There is a way to workaround the problem for Visual Studio startup, but this may be a temporary solution. VS calls on startup GetRandomFileName() function to generate new random names for the VS profile files. Once such file name is generated, the name of the profile and the name of the file storing the profile settings are cached in a Windows.index file. Basically, the Windows.index file is just a map from (profile_name -> profile_file). Next time VS is started or the profile is needed, the names of the files from Windows.index file are used. Therefore, if you run into this problem and you are missing the %APPDATA%\Microsoft\VisualStudio\10.0\Windows.index file, you can try copying the Windows.index file attached to this post in %APPDATA%\Microsoft\VisualStudio\10.0\ folder, and you should be able to start VS. The Windows.index file attached contains entries for a couple of most used profile names (Design, Debug, Design-FullScreen, Debug-FullScreen, NoToolWindows), but you'll encounter problems later, the next time a profile with unknown name will be needed or other Visual Studio component will call System.IO.Path.GetRandomFileName. Also, if Windows was using a temporary profile, once you logoff the machine, Windows will delete the temporary profile folder, so on next login you'll need to reapply the workaround. If your Windows user is using a temporary profile you'll probably want to make system changes in order to stop this from happening (e.g. recreate your user, delete completely the %UserProfile% folder, etc)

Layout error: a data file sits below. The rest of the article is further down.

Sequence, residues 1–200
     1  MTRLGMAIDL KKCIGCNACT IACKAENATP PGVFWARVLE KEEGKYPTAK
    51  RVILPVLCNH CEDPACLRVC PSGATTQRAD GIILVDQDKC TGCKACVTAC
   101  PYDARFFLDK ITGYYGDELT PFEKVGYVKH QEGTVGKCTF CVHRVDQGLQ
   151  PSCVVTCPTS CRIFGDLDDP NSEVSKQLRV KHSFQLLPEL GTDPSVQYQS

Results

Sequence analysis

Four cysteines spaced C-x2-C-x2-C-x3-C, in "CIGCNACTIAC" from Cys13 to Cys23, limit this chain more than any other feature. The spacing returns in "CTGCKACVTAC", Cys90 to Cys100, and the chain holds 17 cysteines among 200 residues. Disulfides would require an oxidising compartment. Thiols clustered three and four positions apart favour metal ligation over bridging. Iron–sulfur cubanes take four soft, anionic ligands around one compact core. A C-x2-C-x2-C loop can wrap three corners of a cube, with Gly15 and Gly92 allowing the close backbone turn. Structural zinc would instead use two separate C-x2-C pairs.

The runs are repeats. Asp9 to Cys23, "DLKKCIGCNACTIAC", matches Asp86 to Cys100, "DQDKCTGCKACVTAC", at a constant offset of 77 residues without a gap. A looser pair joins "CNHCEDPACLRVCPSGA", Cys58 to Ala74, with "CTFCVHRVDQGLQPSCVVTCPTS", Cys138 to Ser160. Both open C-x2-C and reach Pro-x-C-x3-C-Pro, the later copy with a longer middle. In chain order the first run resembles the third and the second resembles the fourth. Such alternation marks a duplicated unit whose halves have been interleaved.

Alin Constantin Visual Studio Shell Team Development